- System: Optimized hardware speed, Revamped UI
- Display: Support for more screen sizes and resolutions, Better contrast ratio
- Maps: Improved Google Maps 3.1.2
- MotionEvent class enhanced to track multi-touch events
- Live Wallpapers: Home screen background images can be animated to show movement
V2.1 was API changes and bug fixes and was released on January 12, 2010
 Froyo (V2.2)
Android 2.2 offers a handful of new features and benefits such as faster web browsing, simple app launching and updating, and a completely more intuitive experience through Google's impressive services.
- Better overall performance of Android OS
- USB and Wi-Fi Internet Tethering
- Microsoft Exchange integration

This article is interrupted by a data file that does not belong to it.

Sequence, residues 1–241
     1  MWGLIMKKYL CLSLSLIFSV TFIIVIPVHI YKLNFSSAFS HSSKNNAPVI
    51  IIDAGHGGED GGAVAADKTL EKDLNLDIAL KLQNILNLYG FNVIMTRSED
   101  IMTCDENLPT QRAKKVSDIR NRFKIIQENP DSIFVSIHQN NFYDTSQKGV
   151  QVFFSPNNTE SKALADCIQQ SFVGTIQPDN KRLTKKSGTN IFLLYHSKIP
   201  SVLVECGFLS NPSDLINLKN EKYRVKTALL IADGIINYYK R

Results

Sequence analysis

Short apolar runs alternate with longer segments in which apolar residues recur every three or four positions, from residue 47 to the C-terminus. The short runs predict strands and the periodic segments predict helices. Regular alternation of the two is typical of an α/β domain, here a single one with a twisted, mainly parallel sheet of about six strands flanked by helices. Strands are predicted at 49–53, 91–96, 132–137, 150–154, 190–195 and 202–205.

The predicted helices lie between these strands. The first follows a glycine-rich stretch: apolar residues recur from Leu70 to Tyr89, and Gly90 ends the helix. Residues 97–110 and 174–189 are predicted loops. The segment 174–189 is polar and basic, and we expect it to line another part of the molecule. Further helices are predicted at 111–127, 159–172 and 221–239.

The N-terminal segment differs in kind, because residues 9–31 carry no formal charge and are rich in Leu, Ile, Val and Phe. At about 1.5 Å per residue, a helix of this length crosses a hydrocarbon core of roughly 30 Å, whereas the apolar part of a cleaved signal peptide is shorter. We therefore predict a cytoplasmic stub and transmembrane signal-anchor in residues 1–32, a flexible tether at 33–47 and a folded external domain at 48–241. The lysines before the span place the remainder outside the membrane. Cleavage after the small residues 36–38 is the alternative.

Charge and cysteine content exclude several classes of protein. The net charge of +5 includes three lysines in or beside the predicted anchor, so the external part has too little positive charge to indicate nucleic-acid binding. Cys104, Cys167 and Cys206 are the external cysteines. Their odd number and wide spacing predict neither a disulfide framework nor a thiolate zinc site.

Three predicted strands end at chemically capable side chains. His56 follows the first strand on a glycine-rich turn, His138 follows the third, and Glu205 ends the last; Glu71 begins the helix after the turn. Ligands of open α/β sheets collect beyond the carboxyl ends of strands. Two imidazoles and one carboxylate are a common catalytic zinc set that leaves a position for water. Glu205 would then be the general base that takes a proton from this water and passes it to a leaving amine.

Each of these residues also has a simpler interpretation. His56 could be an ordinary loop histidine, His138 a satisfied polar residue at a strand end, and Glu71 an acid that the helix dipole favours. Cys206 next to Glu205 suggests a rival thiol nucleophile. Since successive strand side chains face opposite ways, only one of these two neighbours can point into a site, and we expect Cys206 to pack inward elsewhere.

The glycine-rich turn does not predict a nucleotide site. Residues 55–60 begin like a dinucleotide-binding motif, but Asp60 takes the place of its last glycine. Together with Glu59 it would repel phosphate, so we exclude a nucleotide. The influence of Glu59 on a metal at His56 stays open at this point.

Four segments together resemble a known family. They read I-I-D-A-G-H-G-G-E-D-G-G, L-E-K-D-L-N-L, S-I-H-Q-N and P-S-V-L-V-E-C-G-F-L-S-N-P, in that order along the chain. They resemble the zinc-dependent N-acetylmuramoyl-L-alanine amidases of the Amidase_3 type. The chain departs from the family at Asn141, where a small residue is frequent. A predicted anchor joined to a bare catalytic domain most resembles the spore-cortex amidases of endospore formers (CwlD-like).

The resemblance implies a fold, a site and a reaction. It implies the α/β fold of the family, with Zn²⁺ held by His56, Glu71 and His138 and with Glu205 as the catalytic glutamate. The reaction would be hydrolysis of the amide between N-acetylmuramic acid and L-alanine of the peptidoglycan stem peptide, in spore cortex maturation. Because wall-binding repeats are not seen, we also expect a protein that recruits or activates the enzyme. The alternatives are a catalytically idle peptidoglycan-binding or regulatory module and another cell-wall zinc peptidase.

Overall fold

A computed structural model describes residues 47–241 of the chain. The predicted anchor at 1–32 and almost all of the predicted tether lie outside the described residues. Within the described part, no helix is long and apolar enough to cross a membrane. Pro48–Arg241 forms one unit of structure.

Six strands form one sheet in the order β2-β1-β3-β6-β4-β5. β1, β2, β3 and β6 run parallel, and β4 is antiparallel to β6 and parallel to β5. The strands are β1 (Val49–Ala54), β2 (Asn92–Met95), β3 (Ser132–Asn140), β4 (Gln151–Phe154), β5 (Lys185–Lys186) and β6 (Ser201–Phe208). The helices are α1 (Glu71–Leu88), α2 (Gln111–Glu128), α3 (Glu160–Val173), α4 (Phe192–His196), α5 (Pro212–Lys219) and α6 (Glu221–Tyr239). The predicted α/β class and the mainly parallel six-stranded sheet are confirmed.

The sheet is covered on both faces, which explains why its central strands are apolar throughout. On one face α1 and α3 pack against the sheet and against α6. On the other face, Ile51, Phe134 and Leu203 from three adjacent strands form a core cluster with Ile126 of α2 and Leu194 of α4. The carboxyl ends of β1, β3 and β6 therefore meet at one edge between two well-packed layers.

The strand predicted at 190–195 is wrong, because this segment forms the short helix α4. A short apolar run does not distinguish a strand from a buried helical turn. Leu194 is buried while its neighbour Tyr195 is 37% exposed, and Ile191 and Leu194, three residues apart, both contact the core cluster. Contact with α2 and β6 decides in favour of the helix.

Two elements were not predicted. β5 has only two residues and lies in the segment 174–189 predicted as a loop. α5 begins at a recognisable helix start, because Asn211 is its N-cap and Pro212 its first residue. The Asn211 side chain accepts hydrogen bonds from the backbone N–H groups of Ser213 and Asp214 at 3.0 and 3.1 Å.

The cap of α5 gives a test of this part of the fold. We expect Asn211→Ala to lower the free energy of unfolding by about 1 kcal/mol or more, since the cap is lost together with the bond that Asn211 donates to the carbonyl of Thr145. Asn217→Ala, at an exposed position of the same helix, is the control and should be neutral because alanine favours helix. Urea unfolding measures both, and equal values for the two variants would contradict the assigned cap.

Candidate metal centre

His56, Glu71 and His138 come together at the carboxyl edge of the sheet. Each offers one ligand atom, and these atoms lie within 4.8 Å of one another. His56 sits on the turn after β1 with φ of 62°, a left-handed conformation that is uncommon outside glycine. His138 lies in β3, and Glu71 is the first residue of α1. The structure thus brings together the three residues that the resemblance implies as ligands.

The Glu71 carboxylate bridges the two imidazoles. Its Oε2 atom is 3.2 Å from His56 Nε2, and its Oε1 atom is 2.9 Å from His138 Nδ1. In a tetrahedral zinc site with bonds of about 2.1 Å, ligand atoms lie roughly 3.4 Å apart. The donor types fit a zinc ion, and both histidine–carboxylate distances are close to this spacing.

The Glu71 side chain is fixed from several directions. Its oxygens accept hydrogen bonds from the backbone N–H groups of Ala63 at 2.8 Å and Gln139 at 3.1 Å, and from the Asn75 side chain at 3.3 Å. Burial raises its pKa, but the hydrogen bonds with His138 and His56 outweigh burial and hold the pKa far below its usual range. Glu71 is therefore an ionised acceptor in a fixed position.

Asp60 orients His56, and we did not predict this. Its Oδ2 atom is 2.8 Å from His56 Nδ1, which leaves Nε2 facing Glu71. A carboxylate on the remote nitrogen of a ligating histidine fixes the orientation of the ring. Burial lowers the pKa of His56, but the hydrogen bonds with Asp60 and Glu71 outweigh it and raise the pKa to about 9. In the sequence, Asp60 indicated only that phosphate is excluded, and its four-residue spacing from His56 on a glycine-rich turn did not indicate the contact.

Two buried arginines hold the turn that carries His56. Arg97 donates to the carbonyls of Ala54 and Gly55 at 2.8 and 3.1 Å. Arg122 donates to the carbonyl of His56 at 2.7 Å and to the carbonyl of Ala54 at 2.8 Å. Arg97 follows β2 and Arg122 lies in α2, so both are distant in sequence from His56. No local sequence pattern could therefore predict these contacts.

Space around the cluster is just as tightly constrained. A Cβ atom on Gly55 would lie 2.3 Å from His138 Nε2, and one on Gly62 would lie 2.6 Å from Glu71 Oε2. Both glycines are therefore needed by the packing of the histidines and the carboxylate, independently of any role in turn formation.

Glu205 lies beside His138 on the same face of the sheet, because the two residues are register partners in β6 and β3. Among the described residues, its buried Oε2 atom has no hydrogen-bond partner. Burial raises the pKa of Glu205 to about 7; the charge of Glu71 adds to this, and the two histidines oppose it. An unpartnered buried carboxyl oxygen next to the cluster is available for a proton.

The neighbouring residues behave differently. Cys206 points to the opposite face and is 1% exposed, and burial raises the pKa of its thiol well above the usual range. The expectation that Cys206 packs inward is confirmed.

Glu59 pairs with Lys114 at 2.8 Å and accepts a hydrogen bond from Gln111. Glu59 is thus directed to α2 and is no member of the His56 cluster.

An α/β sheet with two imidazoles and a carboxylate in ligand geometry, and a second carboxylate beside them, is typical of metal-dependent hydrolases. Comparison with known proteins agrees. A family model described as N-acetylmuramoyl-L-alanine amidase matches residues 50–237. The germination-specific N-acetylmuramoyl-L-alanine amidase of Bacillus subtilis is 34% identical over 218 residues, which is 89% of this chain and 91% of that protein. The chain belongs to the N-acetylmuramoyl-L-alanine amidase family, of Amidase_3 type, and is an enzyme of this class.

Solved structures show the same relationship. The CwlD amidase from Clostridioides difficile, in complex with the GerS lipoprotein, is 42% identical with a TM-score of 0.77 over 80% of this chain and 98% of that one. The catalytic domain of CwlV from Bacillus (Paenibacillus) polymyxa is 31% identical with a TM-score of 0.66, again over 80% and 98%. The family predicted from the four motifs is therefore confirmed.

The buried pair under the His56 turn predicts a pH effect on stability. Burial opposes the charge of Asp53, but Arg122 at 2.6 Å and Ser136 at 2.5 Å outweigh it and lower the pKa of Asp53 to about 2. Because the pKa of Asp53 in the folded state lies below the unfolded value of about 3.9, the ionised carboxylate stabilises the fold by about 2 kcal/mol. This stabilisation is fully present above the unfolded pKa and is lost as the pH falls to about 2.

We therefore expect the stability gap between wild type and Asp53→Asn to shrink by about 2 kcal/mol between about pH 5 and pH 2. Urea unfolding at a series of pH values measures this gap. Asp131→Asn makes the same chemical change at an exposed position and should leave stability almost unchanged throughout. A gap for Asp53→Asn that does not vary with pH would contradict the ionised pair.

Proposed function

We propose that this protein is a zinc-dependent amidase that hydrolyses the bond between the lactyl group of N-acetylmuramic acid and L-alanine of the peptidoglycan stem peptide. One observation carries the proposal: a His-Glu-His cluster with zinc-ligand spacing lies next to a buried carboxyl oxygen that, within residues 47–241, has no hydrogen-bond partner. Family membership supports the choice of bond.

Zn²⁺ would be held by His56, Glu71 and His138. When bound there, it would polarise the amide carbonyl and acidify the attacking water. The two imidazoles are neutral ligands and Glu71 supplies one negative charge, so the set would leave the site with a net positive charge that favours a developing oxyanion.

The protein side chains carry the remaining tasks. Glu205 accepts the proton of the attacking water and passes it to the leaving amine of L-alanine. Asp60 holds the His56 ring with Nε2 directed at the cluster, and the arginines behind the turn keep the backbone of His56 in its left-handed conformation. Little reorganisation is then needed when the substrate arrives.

- New and improved browser
- Compass support for Google Maps
- Improved Google Voice Search, recognizes long and complicated
- High Density screen support such as 720p on a 4" screen.
 Gingerbread (V2.3)
Released December 6, 2010 and is the current version as of July 2011. It has more intuitive text input and better power management.
- Display: Support for extra-large screen sizes and resolutions (WXGA and higher)
- Internet calling: Native support for SIP VoIP telephony
- Virtual Keyboard: Faster, more intuitive text input, improved accuracy, better suggested text.
- Voice input mode
- Copy/Paste: Enhanced. Select a word by press-hold, copy, and paste
- Near Field Communication lets the user read an NFC tag embedded in a poster, sticker, or advertisement
- New audio effects such as reverb, equalization, headphone virtualization, and bass boost